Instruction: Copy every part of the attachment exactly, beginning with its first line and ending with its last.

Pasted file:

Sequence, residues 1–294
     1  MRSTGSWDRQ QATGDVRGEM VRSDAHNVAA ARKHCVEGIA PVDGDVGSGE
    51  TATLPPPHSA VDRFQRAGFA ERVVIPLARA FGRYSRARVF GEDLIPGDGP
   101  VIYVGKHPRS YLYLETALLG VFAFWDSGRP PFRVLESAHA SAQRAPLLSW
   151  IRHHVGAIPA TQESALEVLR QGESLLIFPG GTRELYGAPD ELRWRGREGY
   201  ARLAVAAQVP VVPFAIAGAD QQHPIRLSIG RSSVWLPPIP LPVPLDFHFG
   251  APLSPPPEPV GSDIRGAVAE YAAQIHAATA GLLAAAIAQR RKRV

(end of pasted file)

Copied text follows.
Sequence, residues 1–294
     1  MRSTGSWDRQ QATGDVRGEM VRSDAHNVAA ARKHCVEGIA PVDGDVGSGE
    51  TATLPPPHSA VDRFQRAGFA ERVVIPLARA FGRYSRARVF GEDLIPGDGP
   101  VIYVGKHPRS YLYLETALLG VFAFWDSGRP PFRVLESAHA SAQRAPLLSW
   151  IRHHVGAIPA TQESALEVLR QGESLLIFPG GTRELYGAPD ELRWRGREGY
   201  ARLAVAAQVP VVPFAIAGAD QQHPIRLSIG RSSVWLPPIP LPVPLDFHFG
   251  APLSPPPEPV GSDIRGAVAE YAAQIHAATA GLLAAAIAQR RKRV